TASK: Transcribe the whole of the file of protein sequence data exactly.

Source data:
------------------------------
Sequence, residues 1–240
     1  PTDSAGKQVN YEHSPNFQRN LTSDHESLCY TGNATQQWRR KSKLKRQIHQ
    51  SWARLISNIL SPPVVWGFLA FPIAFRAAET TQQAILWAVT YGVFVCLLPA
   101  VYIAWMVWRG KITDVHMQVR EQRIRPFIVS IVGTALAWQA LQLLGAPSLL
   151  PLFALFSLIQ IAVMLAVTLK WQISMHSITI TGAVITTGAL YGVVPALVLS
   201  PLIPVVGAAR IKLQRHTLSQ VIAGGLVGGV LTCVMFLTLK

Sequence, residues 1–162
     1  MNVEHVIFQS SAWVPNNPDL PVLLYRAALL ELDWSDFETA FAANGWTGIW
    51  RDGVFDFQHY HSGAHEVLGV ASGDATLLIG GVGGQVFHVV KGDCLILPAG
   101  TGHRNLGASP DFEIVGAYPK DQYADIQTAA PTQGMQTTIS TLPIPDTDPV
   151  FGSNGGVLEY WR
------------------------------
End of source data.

Sequence, residues 1–240
     1  PTDSAGKQVN YEHSPNFQRN LTSDHESLCY TGNATQQWRR KSKLKRQIHQ
    51  SWARLISNIL SPPVVWGFLA FPIAFRAAET TQQAILWAVT YGVFVCLLPA
   101  VYIAWMVWRG KITDVHMQVR EQRIRPFIVS IVGTALAWQA LQLLGAPSLL
   151  PLFALFSLIQ IAVMLAVTLK WQISMHSITI TGAVITTGAL YGVVPALVLS
   201  PLIPVVGAAR IKLQRHTLSQ VIAGGLVGGV LTCVMFLTLK

Sequence, residues 1–162
     1  MNVEHVIFQS SAWVPNNPDL PVLLYRAALL ELDWSDFETA FAANGWTGIW
    51  RDGVFDFQHY HSGAHEVLGV ASGDATLLIG GVGGQVFHVV KGDCLILPAG
   101  TGHRNLGASP DFEIVGAYPK DQYADIQTAA PTQGMQTTIS TLPIPDTDPV
   151  FGSNGGVLEY WR